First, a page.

So this is it. After 15 months outside the U.S., we head back tomorrow. A couple days in Minneapolis, a week on Lake Vermillion in Northern Minnesota, Labor Day weekend in Michigan, then Boston, Miami Beach, Des Moines, Washington, Las Vegas, Utah, and Los Angeles. Interestingly, even internally I don’t think of it as going “home.” We’re looking forward to some visits and we’re going to see part of the U.S. – Utah’s national parks – that we’ve never seen. But it’s really not going home, since we don’t have a home there and we’ll soon enough be back on the road.I know we’ve been in France for a while when I have escargot for an appetizer …[/caption]First, though, before heading back we had a few days in Paris; not exactly a bad way to end this first leg of our adventure. Of course, Paris is beautiful and the food is fabulous and all that, but we’ve both been a little melancholy about this (temporary) transition back to the States which may have taken some of the luster off the city for us. Paris in August is notorious for having things closed up, which has been a real challenge for Mark as he researches restaurants for us. One thing I was excited to see in August is the beach the city sets up along the Seine. We got here to discover, though, that it was closing on August 17, our first day. Really? Closing the beach in mid-August? Turns out maybe the Parisians know something about their weather. It’s been surprisingly cold and overcast the whole time, which hasn’t helped that nagging sense that something important is ending.
Oh yeah, and then there’s been that whole pinched nerve thing. I got her kind of optimistic that it had been a one-off anomaly and now I’d be back to normal. Alas, not to be, unless (god forbid) this is the new normal. Interestingly, whatever was wrong doesn’t really affect my back at all now, but has migrated down to my arm. And while it’s nothing like the days in Poitiers, it’s not nothing, either. So I’m still taking pain pills and wearing a silly neck brace most of the time. The good news is I have an appointment with an acupuncturist in Duluth next week, so he should be able to fix me right up. (Thanks Becky!)
I keep thinking that with 15 months, 53 books, 29 countries on three continents, and untold miles on the ground and through water, I should have some important lessons to share. You’d think I would, but maybe not so much. OK, here’s one: multiple changes of clothes are overrated. If I think of any more on that long plane ride to the midwest I’ll share them later.
In case you’re wondering, though, if we’re getting tired of all this travel, the answer is a definitive no. To be honest, we’re a little tired of traveling in Western Europe, just because it’s so easy. We’re both itching to get back to more exotic places. So from LA we’re heading to the Yucatan for a couple weeks and then probably going to some non-tourist Caribbean islands, including Haiti, to get our sense of adventure back. Starting to research and plan that gets me excited again!
Mark & Jim–I have so thoroughly enjoyed your adventures thus far, and been so thoroughly envious and inspired both–if that is possible.
I would love to see you when you are in DC–maybe I can pull together an informal gathering of CBPP & AFSCME types if you are interested.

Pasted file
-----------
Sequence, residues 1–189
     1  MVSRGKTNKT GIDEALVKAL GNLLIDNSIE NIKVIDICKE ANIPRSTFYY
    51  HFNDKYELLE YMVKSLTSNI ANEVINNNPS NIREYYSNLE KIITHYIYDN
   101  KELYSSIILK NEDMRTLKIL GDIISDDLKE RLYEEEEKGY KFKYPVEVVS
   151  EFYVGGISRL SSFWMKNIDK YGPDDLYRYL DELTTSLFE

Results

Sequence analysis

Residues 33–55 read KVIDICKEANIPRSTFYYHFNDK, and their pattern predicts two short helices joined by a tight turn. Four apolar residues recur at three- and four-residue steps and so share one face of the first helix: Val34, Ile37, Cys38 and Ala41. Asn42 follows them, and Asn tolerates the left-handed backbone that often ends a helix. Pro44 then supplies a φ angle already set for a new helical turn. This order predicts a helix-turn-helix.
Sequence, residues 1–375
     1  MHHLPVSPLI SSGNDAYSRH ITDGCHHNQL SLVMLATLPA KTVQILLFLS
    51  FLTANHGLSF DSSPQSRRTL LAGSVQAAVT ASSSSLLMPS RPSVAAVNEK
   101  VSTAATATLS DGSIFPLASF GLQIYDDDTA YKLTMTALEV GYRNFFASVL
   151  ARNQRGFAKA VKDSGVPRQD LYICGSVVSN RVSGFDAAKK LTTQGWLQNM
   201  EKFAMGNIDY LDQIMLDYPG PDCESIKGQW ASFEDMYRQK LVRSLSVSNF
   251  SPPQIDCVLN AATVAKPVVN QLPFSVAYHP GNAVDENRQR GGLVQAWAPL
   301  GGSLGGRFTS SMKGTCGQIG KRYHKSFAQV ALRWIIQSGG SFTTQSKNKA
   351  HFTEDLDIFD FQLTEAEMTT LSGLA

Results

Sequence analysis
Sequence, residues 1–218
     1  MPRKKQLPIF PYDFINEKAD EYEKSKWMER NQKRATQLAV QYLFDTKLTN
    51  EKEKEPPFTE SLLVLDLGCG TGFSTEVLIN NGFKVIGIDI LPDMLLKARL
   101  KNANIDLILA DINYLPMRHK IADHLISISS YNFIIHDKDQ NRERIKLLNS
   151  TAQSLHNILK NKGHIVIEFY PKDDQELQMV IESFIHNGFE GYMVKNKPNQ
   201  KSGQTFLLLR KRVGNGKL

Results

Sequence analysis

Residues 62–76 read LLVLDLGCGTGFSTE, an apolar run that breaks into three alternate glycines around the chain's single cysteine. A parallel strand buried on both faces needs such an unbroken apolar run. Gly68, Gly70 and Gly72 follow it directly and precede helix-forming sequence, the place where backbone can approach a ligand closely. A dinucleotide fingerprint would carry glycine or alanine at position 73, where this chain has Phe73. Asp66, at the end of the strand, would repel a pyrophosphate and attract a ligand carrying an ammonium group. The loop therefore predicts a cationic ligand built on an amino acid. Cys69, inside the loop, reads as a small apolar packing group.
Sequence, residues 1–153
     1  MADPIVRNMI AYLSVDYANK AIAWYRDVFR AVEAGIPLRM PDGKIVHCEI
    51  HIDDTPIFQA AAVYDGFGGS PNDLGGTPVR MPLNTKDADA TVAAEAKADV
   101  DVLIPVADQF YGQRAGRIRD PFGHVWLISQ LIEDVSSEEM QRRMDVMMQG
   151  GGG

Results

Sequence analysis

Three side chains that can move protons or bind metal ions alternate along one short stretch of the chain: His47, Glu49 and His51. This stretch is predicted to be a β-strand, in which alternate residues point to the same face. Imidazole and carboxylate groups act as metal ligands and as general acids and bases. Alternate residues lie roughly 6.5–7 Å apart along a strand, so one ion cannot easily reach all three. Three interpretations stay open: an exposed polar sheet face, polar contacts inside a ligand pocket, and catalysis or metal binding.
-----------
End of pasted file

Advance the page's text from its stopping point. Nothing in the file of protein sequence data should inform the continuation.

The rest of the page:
Also, I’d like to issue a challenge. I have just returned from beautiful British Columbia, and you really must include Canada on your itinerary! I am married to a Canuck so I’m a little biased but they really have better Rocky Mountains than we do, and pretty terrific coastline, and mosquitoes that rival the lakes of MN!
Ann – Great to hear from you. We’re never sure if anyone (except Mark’s parents!) reads the blog, so it’s nice to know that it’s inspiring someone, even if it’s just inspiring envy. It would be great to see you. We’re in DC only two-plus days, arriving Wednesday, September 17 and leaving Friday evening the 19th. Stu at NGP VAN is pulling together a Happy Hour party for us on Wednesday and we’ll see to it you’re invited, though to be honest in a large-ish party like that we won’t have a lot of chance to visit. How would something after work on Thursday do? Or lunch on Friday? As for inviting others, the more people are there the less I get to visit with you, so my sense is always the smaller the better. If you were in touch with Liz McNichol or someone like that it would be great, but I’m not dying to visit with a bunch of people I hardly know anymore.
As for Canada … It is most definitely on our to-do list. I used to have a poster in my office from Lake Louise when I worked in Minneapolis in the mid-1980s and I’ve wanted to go there ever since. I’m not sure when it will happen, but I am sure we’re going to do some time in the Canadian Rockies, some time on a railroad across the country, and – if I have my way – even some time up in the vast northern territories. The only problem, even when you’re traveling for the rest of your life, is that there isn’t enough time!
Hi, guys! I’m tres excited that, from your itinerary listed above, it looks like you’ll be at the Harkin reunion thing in Death Moans? My flight is booked, reunion ticket purchased, lodging arranged, and wardrobe in progress. (Heeding Jim’s advice, of course, that multiple changes of clothes are overrated. 😉 I can’t wait to see you! Please change the e-mail address you have for me to the one I used here, and let me know the skinny on your Iowa plans, if any! Missing, missing, missing you.
Gah! Site administrator, sir, please delete that little yellow emoticon that showed up in my comments. I didn’t know my “wink” would be visually quite so winky. I’m not four years old! Not even 44…
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